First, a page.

Former Major League pitcher and current ESPN baseball analyst Rick Sutcliffe discussed tonight’s Game 7 of the World Series.
Sutcliffe has dual-alumni membership with Cleveland and Chicago, pitching for both clubs in 1984. After making the All-Star team for the Cleveland Indians in 1983, Sutcliffe was traded to the Chicago Cubs the following year. He had a successful season with the Cubs, going 16-1 to win the Cy Young Award. Sutcliffe also led the Cubs to the playoffs. Sutcliffe said he is extremely grateful for his time with both teams, who ironically are facing each other in the World Series.
Both the Chicago Cubs and Cleveland Indians have had extremely successful seasons thus far and it has a lot to do with the team’s managers. Analyst Rick Sutcliffe said Terry Francona and Joe Maddon are two top managers that have been able to get the most out of their players.
Game 7 Preview
As Game 7 is approaching, the teams have already been forced to change their original game plans. The Cubs planned on finding success by taking advantage of the Indians pitchers’ unlocated fast balls. However, Josh Tomlin and Corey Kluber continue to throw strike after strike in the World Series. Sutcliffe said the Cubs are now better aware of Tomlin’s curveball and are now waiting for it during their at bats.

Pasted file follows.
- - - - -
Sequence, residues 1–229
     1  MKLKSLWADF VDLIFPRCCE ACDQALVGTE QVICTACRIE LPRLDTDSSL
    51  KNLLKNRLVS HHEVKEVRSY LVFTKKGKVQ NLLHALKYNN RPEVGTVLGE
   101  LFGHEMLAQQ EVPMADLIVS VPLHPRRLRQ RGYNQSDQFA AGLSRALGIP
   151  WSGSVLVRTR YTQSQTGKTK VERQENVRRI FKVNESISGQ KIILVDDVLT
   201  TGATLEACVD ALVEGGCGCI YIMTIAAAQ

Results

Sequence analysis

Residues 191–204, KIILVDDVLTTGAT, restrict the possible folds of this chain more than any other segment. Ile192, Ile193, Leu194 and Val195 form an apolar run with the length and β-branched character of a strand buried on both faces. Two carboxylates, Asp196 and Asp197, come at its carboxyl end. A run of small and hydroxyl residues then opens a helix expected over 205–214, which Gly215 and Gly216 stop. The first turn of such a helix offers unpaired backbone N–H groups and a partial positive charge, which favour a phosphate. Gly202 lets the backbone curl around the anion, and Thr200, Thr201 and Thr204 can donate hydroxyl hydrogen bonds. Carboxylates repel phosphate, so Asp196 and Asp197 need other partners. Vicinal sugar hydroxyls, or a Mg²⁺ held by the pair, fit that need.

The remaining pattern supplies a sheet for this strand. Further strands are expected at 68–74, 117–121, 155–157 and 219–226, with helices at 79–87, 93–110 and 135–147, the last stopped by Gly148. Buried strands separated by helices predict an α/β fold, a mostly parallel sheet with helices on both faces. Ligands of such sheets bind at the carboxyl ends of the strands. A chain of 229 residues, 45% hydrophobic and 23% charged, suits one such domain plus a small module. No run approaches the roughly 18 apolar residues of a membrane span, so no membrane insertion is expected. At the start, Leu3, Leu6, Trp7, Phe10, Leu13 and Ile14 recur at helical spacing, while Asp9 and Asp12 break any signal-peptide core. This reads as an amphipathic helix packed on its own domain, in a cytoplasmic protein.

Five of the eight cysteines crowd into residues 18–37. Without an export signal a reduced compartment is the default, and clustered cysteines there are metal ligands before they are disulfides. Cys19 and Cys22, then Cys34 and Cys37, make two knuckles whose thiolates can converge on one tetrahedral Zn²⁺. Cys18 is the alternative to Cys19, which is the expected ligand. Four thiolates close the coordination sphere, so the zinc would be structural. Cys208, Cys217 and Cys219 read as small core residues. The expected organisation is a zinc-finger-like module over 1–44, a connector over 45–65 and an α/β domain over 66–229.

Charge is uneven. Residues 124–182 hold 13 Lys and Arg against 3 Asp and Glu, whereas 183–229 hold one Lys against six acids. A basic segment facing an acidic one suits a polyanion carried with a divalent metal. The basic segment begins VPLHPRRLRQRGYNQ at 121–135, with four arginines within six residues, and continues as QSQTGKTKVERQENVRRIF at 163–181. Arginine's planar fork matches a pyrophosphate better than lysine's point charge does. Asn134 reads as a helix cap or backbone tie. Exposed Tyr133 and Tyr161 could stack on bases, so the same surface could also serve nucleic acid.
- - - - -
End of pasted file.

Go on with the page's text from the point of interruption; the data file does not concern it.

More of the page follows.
As for tonight’s game, Sutcliffe said he does not expect to see Jon Lester on the mound. He also suggested that the Cubs will look for breaking balls early in the count and try to take the lead early.
For the Cleveland Indians, Sutcliffe classifies Francona as a great manager. He has constructed a solid lineup and Sutcliffe said Francona is “going to put the game in motion.”
Tonight, the final game between the two teams with the longest combined championship droughts in history at 178 years takes place. Sutcliffe is among the many to reiterate that there is indeed a lot at stake in just a few hours.
“I think this will probably be the highest rated baseball game in a long, long, long time,” Sutcliffe said. First pitch is set for 8 p.m.
— MLB (@MLB) November 2, 2016